I’ve lost the connection to holy things. Space once longed for is now repellent. A demon can be your amanuensis. Before going to bed, separate. The great chain of being is a zombie calculus and erotics. I have a crushed heart. I am a story going down, falling forever into universe, eroding my lover down vortics of narrows on Wednesday, August 25, 2004. Dear so and so, why? Frequenting crosswalks, awkwardly we go, but do not linger.

4.
Subject to sentience, the mountains across the bay disappear, framing desire from a distance. I outstrip you through the cracks of fearful foundations revealing the moment. Identities pass by aching for some taste of something to hang along the trembling seams as if it could delete or change the meaning slightly. Promises, promises, promises. Koan – the rest has been disremembered. Empty this boat.


Dear Jean,

I don’t know what I just did above. But your words that I’ve chosen from Prau came to me… beckoned by what? I do not know. As I read what I culled afterwards, I felt an affirmation, a gentleness that soothed a sad little corner of my heart that has felt abandoned by a Beloved Stranger. Having said that, however, what slips through that narrative is the other feeling: a wholeness unto itself.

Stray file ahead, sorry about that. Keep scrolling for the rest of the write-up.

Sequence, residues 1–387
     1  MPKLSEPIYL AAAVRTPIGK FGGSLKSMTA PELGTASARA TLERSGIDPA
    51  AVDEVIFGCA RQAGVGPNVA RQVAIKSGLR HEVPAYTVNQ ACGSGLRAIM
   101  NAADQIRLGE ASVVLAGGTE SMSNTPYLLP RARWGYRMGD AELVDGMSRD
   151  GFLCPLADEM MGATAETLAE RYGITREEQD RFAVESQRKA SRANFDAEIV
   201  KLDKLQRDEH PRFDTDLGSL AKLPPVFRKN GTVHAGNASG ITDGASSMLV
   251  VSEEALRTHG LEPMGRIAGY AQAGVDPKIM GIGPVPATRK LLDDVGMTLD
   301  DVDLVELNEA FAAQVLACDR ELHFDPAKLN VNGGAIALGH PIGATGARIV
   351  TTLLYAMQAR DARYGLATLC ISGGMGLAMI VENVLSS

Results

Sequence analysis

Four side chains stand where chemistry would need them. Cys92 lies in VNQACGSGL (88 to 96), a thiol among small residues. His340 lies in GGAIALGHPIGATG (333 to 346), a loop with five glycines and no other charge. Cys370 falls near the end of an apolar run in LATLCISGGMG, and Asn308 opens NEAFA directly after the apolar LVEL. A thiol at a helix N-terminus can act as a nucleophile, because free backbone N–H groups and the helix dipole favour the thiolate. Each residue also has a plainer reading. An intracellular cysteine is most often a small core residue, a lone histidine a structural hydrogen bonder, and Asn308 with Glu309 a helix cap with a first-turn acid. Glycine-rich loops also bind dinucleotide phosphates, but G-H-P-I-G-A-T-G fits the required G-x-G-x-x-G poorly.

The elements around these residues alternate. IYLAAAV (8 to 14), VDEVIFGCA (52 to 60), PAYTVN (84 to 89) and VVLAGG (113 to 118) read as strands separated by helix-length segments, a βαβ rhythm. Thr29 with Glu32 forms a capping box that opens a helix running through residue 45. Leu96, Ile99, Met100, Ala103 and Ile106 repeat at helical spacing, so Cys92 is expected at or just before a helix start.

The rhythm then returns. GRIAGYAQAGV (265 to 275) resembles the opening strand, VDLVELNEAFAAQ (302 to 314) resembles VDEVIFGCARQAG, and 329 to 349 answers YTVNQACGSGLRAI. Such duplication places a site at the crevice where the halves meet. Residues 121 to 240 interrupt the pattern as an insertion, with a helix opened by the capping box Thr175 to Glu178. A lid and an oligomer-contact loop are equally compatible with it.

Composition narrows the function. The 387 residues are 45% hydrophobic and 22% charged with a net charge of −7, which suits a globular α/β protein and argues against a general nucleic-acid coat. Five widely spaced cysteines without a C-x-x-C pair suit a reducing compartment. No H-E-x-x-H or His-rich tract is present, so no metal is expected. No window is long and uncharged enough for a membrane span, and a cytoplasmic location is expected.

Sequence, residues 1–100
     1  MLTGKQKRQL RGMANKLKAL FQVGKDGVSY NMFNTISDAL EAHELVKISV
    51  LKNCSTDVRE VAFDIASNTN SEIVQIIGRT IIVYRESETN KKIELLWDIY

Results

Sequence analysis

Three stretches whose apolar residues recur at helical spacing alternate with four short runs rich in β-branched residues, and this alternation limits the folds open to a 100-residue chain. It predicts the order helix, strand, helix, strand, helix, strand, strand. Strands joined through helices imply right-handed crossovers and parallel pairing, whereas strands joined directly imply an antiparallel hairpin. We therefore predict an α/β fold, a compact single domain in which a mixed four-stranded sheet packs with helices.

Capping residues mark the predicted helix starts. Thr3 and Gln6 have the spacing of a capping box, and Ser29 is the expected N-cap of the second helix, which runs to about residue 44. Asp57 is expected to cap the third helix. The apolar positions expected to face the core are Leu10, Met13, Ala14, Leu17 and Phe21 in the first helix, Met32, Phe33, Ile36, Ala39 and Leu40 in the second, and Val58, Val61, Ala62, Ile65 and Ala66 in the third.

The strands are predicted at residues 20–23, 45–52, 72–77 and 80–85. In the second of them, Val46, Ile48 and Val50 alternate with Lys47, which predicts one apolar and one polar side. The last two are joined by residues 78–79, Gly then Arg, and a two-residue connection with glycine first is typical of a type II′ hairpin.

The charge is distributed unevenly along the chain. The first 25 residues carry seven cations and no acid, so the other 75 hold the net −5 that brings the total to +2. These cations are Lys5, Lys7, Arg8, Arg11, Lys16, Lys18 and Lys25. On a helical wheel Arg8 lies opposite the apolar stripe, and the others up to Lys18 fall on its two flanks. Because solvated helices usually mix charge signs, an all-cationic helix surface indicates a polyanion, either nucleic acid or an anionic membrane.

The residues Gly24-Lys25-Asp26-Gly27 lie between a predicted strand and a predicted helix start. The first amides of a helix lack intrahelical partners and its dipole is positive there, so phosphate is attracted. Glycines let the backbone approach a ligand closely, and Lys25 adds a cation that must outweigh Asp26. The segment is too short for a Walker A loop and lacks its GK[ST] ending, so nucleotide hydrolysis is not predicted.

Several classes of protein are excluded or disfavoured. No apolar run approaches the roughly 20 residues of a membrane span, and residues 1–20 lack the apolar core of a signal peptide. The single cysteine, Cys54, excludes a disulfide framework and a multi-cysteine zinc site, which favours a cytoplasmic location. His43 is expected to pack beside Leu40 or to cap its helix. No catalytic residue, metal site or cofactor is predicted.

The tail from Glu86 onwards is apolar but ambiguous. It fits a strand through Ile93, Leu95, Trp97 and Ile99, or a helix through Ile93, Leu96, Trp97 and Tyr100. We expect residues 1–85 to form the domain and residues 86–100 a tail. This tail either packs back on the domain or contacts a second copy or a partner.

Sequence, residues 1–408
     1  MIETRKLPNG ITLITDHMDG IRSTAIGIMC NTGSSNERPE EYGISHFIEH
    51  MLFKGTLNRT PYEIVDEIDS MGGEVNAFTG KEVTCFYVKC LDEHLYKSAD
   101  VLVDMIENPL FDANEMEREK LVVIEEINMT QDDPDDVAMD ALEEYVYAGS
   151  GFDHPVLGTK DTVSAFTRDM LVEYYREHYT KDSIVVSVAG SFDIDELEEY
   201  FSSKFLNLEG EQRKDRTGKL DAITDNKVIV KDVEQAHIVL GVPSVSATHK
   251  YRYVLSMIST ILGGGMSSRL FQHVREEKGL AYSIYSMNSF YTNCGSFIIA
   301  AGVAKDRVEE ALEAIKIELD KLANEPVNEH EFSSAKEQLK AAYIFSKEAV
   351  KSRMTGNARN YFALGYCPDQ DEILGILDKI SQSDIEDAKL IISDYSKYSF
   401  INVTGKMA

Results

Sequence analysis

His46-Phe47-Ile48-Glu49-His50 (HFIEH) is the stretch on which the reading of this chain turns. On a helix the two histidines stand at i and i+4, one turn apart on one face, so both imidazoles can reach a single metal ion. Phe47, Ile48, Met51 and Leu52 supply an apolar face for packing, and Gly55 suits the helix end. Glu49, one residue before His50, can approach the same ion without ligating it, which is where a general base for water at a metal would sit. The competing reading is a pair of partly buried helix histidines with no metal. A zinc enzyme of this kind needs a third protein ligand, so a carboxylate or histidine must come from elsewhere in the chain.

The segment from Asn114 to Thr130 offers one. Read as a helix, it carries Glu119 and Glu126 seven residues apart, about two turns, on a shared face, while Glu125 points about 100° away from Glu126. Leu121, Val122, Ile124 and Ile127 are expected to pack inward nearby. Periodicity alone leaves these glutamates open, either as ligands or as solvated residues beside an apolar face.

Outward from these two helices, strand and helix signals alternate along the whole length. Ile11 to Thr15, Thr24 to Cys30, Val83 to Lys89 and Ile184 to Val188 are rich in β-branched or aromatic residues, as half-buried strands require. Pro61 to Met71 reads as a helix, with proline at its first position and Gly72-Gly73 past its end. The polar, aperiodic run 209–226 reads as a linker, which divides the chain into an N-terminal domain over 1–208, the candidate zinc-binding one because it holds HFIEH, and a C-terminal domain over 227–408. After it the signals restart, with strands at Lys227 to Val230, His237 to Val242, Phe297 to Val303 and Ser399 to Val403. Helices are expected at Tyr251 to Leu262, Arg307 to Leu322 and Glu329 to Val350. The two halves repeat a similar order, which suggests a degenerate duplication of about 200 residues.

Who is this Beloved Stranger? Is it Language? That which refuses articulation in English? How do we begin to articulate the depths of all things mysterious if those things were born in another tongue? Before the praus got there.

In Prau (I don’t know why I keep typing ‘pray’) I see glimpses of stories about our received History: of colonialism crossing the waters; of Manongs on board praus, who sold pieces of land to come to America; of their descendants learning to make peace with this crossing through music, art, poetry. And through revolutionary struggles for dignity and justice.

And then there is that which remains unsaid. Perhaps it cannot be said. Fragments can be told only in poetry. Are some truths about this History too horrible for recall? As we have yet to discover what would assuage the safety of recall, those memories will remain at the bottom of the ocean. I pray for the day when our bodies will be strong enough to excavate the depths and bring to the surface the stories waiting to be told. And then perhaps, we can empty the boat of Memory and row it to destinies beyond.

While CLR James offered me an intellectual critique of modern civilization via Moby Dick, Prau offered me beauty beyond measure. What a pleasure and a treasure to know that poets like you can offer this to me, to us.

Salamat.

*****

Leny M. Strobel lately has been stalked by a group of young women calling her a "babaylan-trainee magnet" and the women calling themselves "babaylan-stalkers"!

3 comments:

EILEEN said...

Another view is offered by Allen Gaborro in this issue of GR #10 at

http://galatearesurrection10.blogpsot.com/2008/07/prau-by-jean-vengua.html

and by John Bloomberg-Rissman in GR #9 at

http://galatearesurrection9.blogpsot.com/2008/03/prau-by-jean-vengua.html

EILEEN said...

Another view is offered by Brett Duchon in GR #11 at

http://galatearesurrection11.blogspot.com/2008/12/prau-by-jean-vengua.html

EILEEN said...

Another view is offered by Jeff Harrison in GR #14 at

http://galatearesurrection14.blogspot.com/2010/04/prau-by-jean-vengua.html